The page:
• Barriers to Treatment and the Connection to Maslow’s Hierarchy of Needs

      Outland, Rafael; James, Kelsey; The College at Brockport (2016-04-01)
      Individuals who are engaging in mental health counseling services are demonstrating a lack of engagement in treatment. The purpose of this research study is to demonstrate a relationship between client’s perceived barriers to mental health treatment and to human needs as identified through Maslow’s hierarchy of needs (1943). This study was conducted through administration of a 27-item survey that consisted of a list of barriers to treatment and basic needs. The development and administration of this survey will be detailed through describing the location of the research site, recruitment process, and collection of data. A total of 22 participants completed the survey. Data analysis showed that 72.27% of participants reported at least one of their barriers to treatment being a basic need as identified by Maslow. The findings are discussed and implications for professional counseling and future research.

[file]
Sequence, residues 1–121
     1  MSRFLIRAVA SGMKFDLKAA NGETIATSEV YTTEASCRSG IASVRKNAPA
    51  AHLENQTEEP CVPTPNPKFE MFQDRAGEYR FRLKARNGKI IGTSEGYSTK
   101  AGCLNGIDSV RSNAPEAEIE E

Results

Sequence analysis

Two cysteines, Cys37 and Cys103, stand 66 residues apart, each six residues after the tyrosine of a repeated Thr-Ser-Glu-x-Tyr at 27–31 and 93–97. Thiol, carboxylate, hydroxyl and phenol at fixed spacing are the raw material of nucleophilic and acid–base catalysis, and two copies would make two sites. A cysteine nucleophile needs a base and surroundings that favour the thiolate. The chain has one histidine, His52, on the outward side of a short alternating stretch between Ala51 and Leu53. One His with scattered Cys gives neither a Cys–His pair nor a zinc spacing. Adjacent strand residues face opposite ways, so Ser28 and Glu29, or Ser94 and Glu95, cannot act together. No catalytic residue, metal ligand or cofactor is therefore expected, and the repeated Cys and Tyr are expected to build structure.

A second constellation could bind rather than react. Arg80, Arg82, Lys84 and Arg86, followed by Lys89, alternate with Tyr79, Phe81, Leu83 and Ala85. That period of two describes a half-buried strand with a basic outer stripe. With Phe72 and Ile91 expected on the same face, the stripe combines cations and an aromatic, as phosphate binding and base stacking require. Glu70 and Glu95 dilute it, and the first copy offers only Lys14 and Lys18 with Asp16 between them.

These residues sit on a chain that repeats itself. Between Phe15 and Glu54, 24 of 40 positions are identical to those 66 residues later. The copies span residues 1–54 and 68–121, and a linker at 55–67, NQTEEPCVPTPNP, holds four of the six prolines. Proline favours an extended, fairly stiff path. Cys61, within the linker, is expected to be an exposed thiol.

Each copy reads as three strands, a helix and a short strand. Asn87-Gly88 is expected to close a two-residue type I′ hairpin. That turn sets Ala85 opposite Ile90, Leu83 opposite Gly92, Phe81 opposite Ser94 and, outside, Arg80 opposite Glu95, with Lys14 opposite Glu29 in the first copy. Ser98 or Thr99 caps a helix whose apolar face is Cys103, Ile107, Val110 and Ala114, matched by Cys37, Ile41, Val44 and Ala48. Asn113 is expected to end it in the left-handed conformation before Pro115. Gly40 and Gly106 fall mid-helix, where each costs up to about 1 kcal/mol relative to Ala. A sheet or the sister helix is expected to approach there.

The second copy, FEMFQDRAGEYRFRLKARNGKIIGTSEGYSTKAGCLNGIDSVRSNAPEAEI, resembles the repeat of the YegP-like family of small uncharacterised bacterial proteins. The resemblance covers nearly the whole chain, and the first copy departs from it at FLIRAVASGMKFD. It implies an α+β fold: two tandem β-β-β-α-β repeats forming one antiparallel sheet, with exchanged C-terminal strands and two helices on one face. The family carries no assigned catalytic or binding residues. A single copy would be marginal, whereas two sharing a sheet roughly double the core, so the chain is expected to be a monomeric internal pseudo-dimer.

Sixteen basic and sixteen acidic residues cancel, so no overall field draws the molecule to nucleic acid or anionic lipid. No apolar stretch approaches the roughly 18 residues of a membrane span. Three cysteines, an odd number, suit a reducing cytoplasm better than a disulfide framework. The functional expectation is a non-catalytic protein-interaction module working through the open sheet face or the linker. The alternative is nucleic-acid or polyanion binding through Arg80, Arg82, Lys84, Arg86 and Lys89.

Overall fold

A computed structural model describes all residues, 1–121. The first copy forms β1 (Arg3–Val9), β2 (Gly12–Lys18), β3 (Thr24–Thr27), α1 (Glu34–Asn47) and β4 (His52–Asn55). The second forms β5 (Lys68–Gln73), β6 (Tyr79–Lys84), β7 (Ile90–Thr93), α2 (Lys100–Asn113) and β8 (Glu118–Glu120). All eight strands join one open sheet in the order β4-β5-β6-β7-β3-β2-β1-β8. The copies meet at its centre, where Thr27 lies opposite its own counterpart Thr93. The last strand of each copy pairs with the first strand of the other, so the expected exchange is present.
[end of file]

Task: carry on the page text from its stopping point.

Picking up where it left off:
• BeYOUtiful: Assessing the Impact of a High School Girls’ Group

      Hernandez, Thomas J.; Marianetti, Anna E.; The College at Brockport (2015-04-01)
      Adolescent girls are at risk for having low self-esteem and low body satisfaction as a result of having a negative body image. Past research indicates that psychoeducational groups positively impact self-esteem and overall body satisfaction. The purpose of this study was to examine the impact of a psychoeducational girls’ group focused on building a positive body image. The group will be detailed through describing the location and community of the site, explaining the recruitment process, and outlining the group sessions. Four high-school aged girls participated in the study. The results were measured through pre- and post-test administrations of the Rosenberg Self-Esteem Scale and Body Shape Questionnaire 16B. The results did not indicate statistically significant changes in self-esteem and body shape satisfaction. However, the numbers in the raw data showed that the group positively impacted self-esteem and overall body satisfaction. The findings are discussed and recommendations for future research are explored.
    • Bridging The Transition From Middle School To High School

      Smith, Rozetta; The College at Brockport (2013-04-01)